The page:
Dwyer-Owens’ true objective wasn’t to land a job, but to secretly evaluate the customer service experience and see if the company’s code of values was really penetrating the organization’s front line efforts.
For a few days last summer, Dwyer-Owens, rechristened as Faith Brown, found herself clumsily hedging trees in 100° F Tennessee heat, installing a hefty water heater, splicing thermometer wires inside an oven, replacing exit signs atop historic Houston buildings, and more.
Her entire journey was filmed by television crews and will be broadcast nationwide at 8 p.m. Eastern time on Jan. 22 on the Emmy-nominated CBS television show “Undercover Boss,” which follows executives as they leave the comfort of their corner offices for an undercover mission to examine the inner workings of the companies they lead. While working alongside employees, they see the effects their decisions have on others, where the problems lie within their organizations, and get an up-close look at both the good and the bad while discovering the unsung heroes who make their companies run.
“I’ve always appreciated our service professionals and re-cognize that their work is not easy from my bird’s-eye view, but this experience was really from a worm’s-eye view,” she said. “I was literally in the dirt with these service professionals. The work they do is much more difficult than I ever imagined.”
Dwyer-Owens was promoted to the position of president in 1999 and CEO/chairwoman in 2007. While in office, she vowed to make surprise stops at franchises across the United States, gauging their success and ability to uphold The Dwyer Group’s code of values — respect, integrity, customer focus, and having fun in the process.
“We have a very clear code of values and ask our franchisees to do the same with their employees,” she said. “I wasn’t sure if that was really happening as much as I’d hoped, because I have been busy as CEO and haven’t been in the field to test it. I felt our 30th anniversary was the perfect time to get out there and see firsthand.”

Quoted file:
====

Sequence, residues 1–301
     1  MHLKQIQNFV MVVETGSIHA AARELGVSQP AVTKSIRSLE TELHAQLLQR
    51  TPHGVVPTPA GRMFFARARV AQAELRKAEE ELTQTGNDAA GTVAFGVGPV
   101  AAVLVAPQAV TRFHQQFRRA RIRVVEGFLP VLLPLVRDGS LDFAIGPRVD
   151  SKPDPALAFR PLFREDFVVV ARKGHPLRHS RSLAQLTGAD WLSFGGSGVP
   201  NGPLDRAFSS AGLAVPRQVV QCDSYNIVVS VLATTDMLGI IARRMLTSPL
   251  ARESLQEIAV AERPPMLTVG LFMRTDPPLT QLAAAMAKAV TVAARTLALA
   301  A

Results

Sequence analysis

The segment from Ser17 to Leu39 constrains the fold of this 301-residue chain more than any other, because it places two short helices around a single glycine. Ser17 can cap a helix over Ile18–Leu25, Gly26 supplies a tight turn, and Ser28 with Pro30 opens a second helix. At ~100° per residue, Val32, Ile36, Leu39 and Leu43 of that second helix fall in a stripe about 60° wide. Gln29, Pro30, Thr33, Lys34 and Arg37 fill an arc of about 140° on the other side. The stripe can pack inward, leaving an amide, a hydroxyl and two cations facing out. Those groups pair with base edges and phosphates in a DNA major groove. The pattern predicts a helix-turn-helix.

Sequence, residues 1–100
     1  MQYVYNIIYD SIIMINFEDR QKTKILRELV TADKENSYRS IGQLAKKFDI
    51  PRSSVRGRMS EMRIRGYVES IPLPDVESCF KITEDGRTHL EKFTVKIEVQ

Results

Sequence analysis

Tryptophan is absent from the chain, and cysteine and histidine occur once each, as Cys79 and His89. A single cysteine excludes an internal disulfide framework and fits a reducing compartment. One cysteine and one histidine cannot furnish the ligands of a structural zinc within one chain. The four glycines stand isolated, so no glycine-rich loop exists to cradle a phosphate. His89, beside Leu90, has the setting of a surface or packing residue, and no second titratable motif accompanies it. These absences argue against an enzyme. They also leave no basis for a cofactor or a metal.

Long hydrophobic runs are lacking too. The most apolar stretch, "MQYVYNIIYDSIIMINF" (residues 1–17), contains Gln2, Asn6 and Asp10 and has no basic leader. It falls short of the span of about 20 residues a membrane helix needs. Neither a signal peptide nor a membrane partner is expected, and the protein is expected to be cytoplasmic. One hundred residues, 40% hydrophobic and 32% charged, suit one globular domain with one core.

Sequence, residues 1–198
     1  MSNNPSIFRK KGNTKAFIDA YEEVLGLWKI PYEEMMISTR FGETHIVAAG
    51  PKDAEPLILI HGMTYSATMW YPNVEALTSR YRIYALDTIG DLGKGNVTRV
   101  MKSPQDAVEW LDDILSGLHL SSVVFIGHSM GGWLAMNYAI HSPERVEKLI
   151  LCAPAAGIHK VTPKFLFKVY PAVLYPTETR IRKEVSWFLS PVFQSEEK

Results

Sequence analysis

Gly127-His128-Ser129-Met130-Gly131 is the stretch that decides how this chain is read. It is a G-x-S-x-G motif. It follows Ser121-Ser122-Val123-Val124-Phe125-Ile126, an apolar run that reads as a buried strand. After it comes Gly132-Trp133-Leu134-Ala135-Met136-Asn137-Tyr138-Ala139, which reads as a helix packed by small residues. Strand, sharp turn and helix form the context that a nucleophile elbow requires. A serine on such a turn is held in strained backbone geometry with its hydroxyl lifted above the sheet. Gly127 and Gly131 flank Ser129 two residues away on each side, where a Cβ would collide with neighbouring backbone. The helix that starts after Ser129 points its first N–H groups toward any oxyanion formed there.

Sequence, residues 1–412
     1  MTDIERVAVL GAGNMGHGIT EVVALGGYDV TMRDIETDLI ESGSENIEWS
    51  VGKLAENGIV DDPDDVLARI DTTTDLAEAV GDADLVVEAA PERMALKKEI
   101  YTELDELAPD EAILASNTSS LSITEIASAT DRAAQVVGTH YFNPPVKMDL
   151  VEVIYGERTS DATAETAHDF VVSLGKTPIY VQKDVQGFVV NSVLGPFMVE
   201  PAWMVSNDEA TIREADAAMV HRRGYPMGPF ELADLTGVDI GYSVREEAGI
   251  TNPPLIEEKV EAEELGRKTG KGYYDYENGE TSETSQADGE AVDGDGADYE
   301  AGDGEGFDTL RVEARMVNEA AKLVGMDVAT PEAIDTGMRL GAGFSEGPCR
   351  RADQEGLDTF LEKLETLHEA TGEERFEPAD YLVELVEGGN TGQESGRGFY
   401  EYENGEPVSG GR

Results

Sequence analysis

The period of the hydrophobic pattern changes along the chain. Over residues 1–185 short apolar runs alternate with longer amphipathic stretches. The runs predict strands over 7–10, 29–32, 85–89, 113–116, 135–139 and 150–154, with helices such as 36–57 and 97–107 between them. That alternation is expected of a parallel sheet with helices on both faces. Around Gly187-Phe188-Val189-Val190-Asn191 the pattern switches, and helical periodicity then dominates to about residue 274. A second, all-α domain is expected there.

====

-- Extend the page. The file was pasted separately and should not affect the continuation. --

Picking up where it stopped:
Unaware of her destination, Dwyer-Owens boarded a plane last summer bound for a Mr. Electric franchise near Houston. At her first training assignment, she was asked to perform commercial work that had her scaling a tall ladder to replace a faulty exit sign atop a historic building, cutting holes for sockets, and not-so-patiently waiting in a product line while fetching supplies under deadline.
Her next stop was with a The Ground Guys franchise near Memphis, Tenn., where she encountered a number of challenges, including a sweltering heat index of 118 degrees.
“It was scorching hot,” she said. “We had to stop what seemed like every 30 minutes to take a drink. I only made it a half a day and to think these guys do this all day every day is incredible.”
Through a training session at a Mr. Rooter franchise, Dwyer-Owens was faced with the challenge of removing and replacing a broken residential water heater.
“This water heater was bigger than me,” she said. “It was hard enough to get that thing off the truck. Luckily, the service professional I worked with had the patience to allow me to attempt to manage the process all on my own. I was determined to get the job done, and this may provide some comic relief when the show airs.”
Her last visit was with a Houston-area Mr. Appliance franchise, where Dwyer-Owens had to fit her whole body inside an oven to splice and rewire a thermometer.
“I was impressed with her enthusiasm and ambitious drive, however, it was obvious that she hadn’t done this type of work before,” said Mr. Appliance service technician Tanna Marino.
“It is easy to become frustrated with the daily grind of one’s job and begin to feel like your challenges go unnoticed, but this experience made me realize my opinion is not only important to my employer, but valued. It’s not every day an employee gets to meet the CEO of their company.”
Following her training with all four franchises, Dwyer-Owens said she was impressed with the professionalism and care she en-countered. “Every one of these individuals has their own story, challenges, and pains,” she said. “Yet, when it came time to get on the front line and take care of business, that is exactly what they did.
“Today, our mission is all about making a positive impact on people’s lives — regardless of the fact that we’re doing service work or that we’re in the franchising business. We’re really in the business of improving the quality of people’s lives, and I feel we are going to touch millions more through our brands.”
CBS executive director Chris Carlson believes Dwyer-Owen’s passion makes this airing one of the series’ most powerful and moving episodes. “This is clearly more than just a job for Dina as she has deep emotional ties to the business and its employees since The Dwyer Group was founded by her late father, who was also her mentor,” he said. “We felt she was an incredibly strong and compelling character who happened to be a female leading a male-dominated company. We thought the family of Dwyer brands gave us a great diversity and volume of classic job types.”
Publication date: 01/16/2012